Almost homeless
Is enough being done to prevent homelessness in Hudson?
by Al Sullivan
Reporter staff writer
Oct 17, 2012 | 5464 views | 0 0 comments | 16 16 recommendations | email to a friend | print
RUNNING OUT OF TIME – Freeholders say the county needs to provide options for people on the verge of becoming homeless – even if they do not qualify for the usual programs.
RUNNING OUT OF TIME – Freeholders say the county needs to provide options for people on the verge of becoming homeless – even if they do not qualify for the usual programs.
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With less than 24 hours left before officers from the Hudson County Sheriff’s Office officially evicted Carey [not her real name] and her daughter from the apartment they have lived in for more than seven years, Carey scrambled to find help, seeking anyone who might keep them from being locked out and cut off from their possessions.

Saddled with a number of issues, least of all the promised job that never materialized, Carey fell more and more behind on her rent. She kept hoping that the store she worked for earlier would re-open and call her back, or she could find another job elsewhere. But as the months passed, she found neither a job nor any other kind of help.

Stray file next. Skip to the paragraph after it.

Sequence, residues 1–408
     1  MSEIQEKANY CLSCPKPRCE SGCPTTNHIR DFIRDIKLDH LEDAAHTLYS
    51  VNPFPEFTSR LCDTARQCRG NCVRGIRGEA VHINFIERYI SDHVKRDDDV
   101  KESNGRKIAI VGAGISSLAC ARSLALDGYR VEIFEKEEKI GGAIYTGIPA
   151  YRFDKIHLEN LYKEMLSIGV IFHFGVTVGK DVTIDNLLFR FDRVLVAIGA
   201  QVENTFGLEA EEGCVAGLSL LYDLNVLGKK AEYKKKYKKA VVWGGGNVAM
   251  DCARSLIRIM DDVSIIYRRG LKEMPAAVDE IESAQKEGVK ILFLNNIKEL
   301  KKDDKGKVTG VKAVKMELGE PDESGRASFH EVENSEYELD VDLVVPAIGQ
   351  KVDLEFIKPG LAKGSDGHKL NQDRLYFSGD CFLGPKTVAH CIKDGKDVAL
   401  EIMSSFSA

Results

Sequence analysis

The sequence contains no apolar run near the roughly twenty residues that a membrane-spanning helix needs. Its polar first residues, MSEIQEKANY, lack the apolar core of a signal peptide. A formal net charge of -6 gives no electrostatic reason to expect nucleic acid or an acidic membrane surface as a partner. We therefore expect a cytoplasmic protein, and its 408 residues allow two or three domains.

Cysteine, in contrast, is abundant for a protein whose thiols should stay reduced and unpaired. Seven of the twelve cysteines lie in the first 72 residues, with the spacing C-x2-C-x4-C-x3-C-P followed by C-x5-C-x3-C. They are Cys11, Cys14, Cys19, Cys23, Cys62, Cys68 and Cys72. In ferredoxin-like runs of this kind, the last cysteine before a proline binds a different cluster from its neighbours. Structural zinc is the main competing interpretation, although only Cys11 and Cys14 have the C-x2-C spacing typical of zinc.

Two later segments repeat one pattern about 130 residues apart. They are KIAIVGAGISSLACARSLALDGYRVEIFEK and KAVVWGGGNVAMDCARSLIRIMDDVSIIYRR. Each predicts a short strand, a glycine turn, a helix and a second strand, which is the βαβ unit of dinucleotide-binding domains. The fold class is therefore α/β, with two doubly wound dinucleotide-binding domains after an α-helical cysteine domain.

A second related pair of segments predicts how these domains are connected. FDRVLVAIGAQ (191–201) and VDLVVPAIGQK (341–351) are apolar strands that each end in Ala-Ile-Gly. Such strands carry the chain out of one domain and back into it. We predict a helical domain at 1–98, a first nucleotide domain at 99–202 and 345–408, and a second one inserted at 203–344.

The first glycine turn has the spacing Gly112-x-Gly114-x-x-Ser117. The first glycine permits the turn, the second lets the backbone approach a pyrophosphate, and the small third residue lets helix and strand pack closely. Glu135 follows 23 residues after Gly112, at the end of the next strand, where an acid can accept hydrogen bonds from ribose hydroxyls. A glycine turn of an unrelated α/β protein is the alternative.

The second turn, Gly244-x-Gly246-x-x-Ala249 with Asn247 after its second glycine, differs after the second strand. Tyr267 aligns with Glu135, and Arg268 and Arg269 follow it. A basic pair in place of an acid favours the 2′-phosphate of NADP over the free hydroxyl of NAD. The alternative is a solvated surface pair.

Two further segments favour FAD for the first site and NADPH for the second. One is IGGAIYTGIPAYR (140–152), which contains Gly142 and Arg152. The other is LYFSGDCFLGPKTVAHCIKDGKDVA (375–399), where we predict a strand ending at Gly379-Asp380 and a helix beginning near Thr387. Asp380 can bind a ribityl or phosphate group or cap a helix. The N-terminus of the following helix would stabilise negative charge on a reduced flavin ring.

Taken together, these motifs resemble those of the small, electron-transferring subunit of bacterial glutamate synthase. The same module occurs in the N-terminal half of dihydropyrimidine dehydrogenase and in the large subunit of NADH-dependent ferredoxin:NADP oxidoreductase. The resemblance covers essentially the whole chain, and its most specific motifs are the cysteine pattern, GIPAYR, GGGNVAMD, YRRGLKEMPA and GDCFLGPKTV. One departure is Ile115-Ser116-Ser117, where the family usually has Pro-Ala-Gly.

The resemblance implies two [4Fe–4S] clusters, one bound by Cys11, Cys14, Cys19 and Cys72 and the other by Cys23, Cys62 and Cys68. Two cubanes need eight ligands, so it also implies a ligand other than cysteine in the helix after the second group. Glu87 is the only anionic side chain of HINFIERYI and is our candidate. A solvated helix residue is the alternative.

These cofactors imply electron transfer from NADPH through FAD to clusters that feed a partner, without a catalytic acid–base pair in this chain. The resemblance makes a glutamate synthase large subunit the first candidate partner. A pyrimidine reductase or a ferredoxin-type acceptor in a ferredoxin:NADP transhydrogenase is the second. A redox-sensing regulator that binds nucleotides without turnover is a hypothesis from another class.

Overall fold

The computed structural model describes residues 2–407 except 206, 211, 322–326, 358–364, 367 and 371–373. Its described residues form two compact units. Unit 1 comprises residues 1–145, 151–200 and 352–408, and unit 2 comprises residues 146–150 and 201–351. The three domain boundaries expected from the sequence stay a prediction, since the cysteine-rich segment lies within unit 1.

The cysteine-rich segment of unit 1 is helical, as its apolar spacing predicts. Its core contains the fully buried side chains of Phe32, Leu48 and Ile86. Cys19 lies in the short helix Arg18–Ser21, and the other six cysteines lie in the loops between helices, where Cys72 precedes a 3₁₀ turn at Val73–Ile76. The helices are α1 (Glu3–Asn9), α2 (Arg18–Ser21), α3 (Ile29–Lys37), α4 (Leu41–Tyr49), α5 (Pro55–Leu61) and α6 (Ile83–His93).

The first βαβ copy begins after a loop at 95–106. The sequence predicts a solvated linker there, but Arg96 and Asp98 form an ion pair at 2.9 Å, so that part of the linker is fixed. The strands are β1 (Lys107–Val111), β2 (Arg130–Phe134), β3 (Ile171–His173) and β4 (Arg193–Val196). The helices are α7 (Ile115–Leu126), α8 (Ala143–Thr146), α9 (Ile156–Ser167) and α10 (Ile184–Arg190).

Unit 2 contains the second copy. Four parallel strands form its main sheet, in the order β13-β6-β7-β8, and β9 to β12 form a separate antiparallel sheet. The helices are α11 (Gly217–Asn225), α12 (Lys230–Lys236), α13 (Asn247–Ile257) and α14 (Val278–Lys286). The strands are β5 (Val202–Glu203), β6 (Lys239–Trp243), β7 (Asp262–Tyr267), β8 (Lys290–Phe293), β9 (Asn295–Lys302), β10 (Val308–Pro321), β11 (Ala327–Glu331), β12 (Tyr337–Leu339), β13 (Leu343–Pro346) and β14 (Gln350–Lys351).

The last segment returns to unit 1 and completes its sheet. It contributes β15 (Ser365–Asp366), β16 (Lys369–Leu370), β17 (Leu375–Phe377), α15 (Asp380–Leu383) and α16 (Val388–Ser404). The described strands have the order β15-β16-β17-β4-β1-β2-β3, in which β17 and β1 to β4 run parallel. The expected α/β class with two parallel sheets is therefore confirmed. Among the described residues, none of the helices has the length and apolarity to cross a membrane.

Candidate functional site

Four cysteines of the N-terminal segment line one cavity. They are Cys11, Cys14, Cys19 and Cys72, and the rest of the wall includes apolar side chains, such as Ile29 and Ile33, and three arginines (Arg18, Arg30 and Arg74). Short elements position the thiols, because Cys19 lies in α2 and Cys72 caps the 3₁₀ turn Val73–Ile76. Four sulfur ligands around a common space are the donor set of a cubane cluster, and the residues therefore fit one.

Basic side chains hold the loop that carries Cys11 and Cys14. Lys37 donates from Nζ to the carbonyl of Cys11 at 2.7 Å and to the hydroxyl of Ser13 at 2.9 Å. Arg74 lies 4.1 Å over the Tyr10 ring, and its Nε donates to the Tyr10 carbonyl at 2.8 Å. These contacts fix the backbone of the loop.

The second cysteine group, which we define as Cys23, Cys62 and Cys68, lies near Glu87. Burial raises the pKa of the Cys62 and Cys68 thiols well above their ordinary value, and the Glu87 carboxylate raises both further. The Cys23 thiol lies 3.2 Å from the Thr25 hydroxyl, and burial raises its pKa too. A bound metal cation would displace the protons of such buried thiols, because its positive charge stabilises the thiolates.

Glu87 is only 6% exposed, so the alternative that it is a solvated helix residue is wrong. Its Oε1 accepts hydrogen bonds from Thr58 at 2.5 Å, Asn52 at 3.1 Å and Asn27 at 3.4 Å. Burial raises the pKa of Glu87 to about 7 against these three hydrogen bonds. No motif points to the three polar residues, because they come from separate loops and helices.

Even after being warned that she would be evicted, she hoped for a last minute reprieve, but when none came, she went to City Hall, where she was directed to the Bayonne Equal Opportunity Foundation. She hoped to take advantage of a state homeless prevention program, designed to keep people from being evicted.

But because Carey received monthly child support payments, she didn’t meet the criteria of the program. She was also too far behind on rent.

“The program is designed to help people who can’t make rent for a month or so,” said Freeholder Doreen DiDomenico, who was among a number of people who stepped in later to try and find a solution to the Carey’s problem. “She was so far behind that the money just wasn’t available.”

Carol Ann Wilson, director of Social Services for Hudson County, said her office sometimes will try and negotiate with the landlord to establish a payment plan to deal with the back rent.

But with no job or income, Carey wasn’t likely to get anything negotiated.

At that point, she still hadn’t reached any county officials, although several freeholders were already calling ahead on her behalf. She drove to Jersey City to plead her case before the directors of Family Services and Human Services departments, using up previous gasoline she still needed to seek work – only to find that when she arrived at County Plaza, the clerk downstairs would not let her upstairs to see either of the directors.